Now, of course, this is not just about people’s health, as such, even though that’s certainly crucial to this, because a healthy body is a productive body, resulting in minimal input and maximal output, but also about other forms of health. How’s that? Well, maybe I’m going too far with this, considering that I’m riffing with this, not consulting Foucault or anyone else that some may think I should, but, yeah, I think the health of the social body is not just about how healthy people are, be it me, you or anyone in particular, because putting too much emphasis on health, let’s say at the expense of the economy, is only likely to have a detrimental effect on people’s health, maybe not right now, but in the long run. My point is that you have to take all kinds of things into consideration, which is why I pointed out that it’s all very calculative, very statistical.
We’ve been told to get used to the new normal, which means health first. No, not your health, but the health of the population. Does that sound familiar? If it does, that’s because there’s nothing really new about it. That’s biopower baby! This is exactly why biopower is particularly relevant in 2020. Currently all the decision making revolves around the health of the population, not my, your, or anyone else’s health, at least not in particular.
Now, to be clear, I’m not taking any sides, for or against. So, in short, all the measures taken to combat the virus have to do with biopower, with administering the health of the population. This is why I, you or anyone else in particular don’t matter. Some people object to various restrictions, like how many people can be in the same room or area of a building, because it ruins their livelihoods and, by proxy, the livelihoods of others.
For example, if you run a cafe, a bar, a restaurant, a theater, a cinema, a venue, a museum or the like, having certain expenses that you manage to cover and make a certain profit, you may not be able to run that place with a lower capacity, at least not for long. You are left with two choices: run the place until it runs out of money or close the place down. The end result is the same to the people involved. They are going to be out of jobs. That also affects others as companies that provide their companies with what they need also take a hit. That hit might not be considerable, as places come and go, no biggie, but when it affects all or nearly all of the businesses that they cater to, it’s going to be considerable, which, in turn, results in more people being out of jobs. That’s going to have an adverse effect on their livelihoods, on the livelihoods of a lot of people, which will impact their health adversely. How badly will it affect their health? Well, that’s probably going to be hard to assess, because it depends what they are used to and how the situation changes that. They may get some income if the society happens to have a system for such, but that’s probably going to be less than what they are used to. They might also get nothing or they might not qualify for such. Be as it may, it will likely cause a lot of problems for a lot of people. They were hardly rich when they had a source of income, so imagine how things will be for them without a source of income.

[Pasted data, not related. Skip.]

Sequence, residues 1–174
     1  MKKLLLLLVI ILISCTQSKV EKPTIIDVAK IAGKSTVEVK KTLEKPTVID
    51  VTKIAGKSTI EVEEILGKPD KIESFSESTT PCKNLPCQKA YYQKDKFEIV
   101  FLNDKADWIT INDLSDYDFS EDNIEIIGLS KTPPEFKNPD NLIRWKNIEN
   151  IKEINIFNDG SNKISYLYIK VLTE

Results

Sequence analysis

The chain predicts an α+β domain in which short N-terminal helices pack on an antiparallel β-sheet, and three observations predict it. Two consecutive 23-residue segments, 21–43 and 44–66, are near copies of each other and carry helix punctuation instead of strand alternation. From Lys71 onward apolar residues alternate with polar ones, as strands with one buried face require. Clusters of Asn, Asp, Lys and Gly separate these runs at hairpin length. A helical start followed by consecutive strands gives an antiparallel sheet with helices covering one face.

Anyway, the point is that the social body, i.e. the state, deems these parts of the body expendable. In other circumstances these parts of the body might be prioritized. Those jobs of those people would be protected, possibly at the expense of some other part or parts of the body, because they are important to the health of the social body, because they are of great utility. It’s just that now they are seen as expendable. That’s because they are viewed as “a toxic or infectious agent, a sort of ‘biological danger’”, as Deleuze (92) puts it. There’s nothing personal about it, because there’s nothing personal about biopower.